Amy Hahs spoke on urban ecology. Cities cover only 3% of the earth’s surface, but host more than 50% of its population. Yet, surprisingly, they feature hot spots of biodiversity, small forgotten spaces containing the only remnants of the past, original landscapes. Her presentation continued a theme of biodiversity, emphasizing the important role small urban open spaces have in providing habitat, human comfort and climate change resilience.
Professor Hillary Brown brought the latest trends in stream and water management from New York. Themes of stream protection, water cleaning and reuse and community resilience re-emerged – although I could not help but think that New York’s ‘latest and greatest’ appeared very similar to work we were accustomed to twenty years ago such as kerb-side rain gardens, water treatment ponds and 3rd pipe reticulation.
After numerous presentations ranging from despair to hope, Harvard based Canadian, Dr. Pierre Bellanger angrily presented a thesis that re-asserted the importance of defying rules and regulations and governments’ urge to control humanity. His presentation was both confronting and whimsical – ranging from the power of mining company goliaths, colonialism, and the mistreatment and ongoing disempowerment of local communities and in particular, indigenous people. The day’s presentations concluded with a confronting video from the Venice Biennale capturing 400 years of Canadian exploitation.
University of Washington Professor, Jeff Hou, continuing the theme of revolt and revolution. He argued that the ‘Guerrilla City’ was essential for successful urban spaces – places that people could occupy and modify in ways never anticipated by their creators. Skateboarders in Seattle, Filipinos in Hong Kong and busking bands in Tokyo illustrated local communities taking ownership of public open space in defiance of local rules and regulations.
Fiona Robbe, specialist in designing for children, implored us to avoid paternalism and conjecture in designing children’s spaces. Despite expectations that children’s responses are often fanciful and misguided, Fiona’s presentation illustrated that with appropriately targeted questioning, children are adept in providing thoughtful and insightful answers. These can considerably enhance design solutions tailored to their needs.
Landscapology’s Amalie Wright took us back to waterway restorations. Based on a project in southern Queensland, Amalie’s presentation was a hilarious debunking of the myths and agendas around contemporary landscape practice. She re-asserted the importance of high quality stream restoration, but questioned the role of councils, stakeholders, cities, project managers, standards and detailed briefs in the process. The role of the Landscape Architect, she asserted, was to prepare a deeper brief, one that actually sought to achieve an enduring outcome for the city, not one devised to meet the KPI’s of local council staff.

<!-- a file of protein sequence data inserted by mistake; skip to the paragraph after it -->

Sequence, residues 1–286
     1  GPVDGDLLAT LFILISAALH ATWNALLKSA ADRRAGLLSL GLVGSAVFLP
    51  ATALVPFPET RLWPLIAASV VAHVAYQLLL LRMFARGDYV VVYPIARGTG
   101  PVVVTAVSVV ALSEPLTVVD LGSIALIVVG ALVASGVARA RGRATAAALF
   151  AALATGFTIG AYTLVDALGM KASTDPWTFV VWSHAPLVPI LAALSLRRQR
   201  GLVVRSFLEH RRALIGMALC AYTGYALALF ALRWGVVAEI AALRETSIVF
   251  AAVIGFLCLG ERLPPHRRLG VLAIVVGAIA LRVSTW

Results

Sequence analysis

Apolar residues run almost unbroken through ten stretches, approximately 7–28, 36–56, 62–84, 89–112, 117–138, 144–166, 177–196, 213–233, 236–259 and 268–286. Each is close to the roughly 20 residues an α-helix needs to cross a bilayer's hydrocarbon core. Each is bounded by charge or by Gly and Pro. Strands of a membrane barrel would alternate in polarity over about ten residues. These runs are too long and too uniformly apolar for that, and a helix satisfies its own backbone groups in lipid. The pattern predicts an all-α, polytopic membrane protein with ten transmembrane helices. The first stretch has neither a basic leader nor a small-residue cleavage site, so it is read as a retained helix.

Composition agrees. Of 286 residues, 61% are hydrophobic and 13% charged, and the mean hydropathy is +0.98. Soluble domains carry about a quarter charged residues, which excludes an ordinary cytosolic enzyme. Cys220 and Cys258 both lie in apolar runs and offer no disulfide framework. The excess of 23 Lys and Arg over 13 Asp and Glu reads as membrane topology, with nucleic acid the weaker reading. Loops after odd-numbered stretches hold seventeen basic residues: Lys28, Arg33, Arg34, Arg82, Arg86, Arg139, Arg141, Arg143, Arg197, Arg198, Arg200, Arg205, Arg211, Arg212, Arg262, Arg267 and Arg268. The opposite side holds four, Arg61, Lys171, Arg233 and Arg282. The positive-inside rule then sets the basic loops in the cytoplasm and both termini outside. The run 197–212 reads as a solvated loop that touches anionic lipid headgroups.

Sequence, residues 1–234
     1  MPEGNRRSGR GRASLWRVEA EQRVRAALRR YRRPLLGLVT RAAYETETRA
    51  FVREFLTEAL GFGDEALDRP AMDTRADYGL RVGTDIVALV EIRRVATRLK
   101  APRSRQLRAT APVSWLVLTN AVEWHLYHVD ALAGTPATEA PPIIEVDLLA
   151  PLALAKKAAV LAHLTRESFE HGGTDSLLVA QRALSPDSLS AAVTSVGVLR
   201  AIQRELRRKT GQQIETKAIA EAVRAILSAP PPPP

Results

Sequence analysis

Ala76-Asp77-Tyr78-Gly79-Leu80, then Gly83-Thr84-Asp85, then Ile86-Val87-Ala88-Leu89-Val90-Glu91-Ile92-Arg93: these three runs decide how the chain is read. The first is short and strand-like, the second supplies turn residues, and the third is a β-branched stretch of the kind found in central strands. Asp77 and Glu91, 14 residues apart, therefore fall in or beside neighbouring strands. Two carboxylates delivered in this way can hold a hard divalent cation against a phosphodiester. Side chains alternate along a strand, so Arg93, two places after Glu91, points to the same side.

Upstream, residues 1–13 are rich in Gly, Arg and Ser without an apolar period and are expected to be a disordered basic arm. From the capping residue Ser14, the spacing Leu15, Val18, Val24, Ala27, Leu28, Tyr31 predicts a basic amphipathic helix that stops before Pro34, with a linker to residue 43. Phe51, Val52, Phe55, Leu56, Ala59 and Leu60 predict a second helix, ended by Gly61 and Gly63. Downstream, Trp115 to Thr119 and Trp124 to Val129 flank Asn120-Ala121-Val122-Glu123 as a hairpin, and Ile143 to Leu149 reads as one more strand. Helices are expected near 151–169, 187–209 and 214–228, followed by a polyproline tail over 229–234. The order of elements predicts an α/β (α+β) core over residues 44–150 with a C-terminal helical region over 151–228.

Mia Lehrer, a Los Angeles based practitioner discussed the landscape issues facing Los Angeles. With a greater metropolitan area of 18 million people, water has been, and continues to be LA’s greatest problem. The practice has embarked on formally de-engineering kilometres of concrete waterways flowing through the city centre, creating an extensive city park network. Despite pursuing innovative initiatives revisioning Los Angeles as a non-car dependent city, Mia reminded us that the city still suffers from a homeless population of 250,000 people.
Dutch landscape architect, Jan van der Grift spoke about the Rhine Delta in the Netherlands and the efforts being undertaken to accommodate rapidly increasing high water marks in response to climate change. The work exemplified the successful integration of land owners in working with the landscape architects and local governments in developing multi-faceted solutions that ensures their livelihoods, whilst accommodating the regular recurrences of inundation.
The conference was closed by Helen Lockhead who beautifully summarised each of the presenters, including the dozen or so I failed to mention. The conference reemphasised well established principles of Landscape Architecture and how these can and should be applied to city design. The conference avoided the Anthropocene despair of the 2016 AILA National conference, presenting a mostly hopeful response to the planet’s future. But there were no new ‘aha!’ insights or new agendas. The strength of the conference was the commitment to large scale projects, skilfully delivered with an emphasis on community engagement. Business as usual – keep up the good work!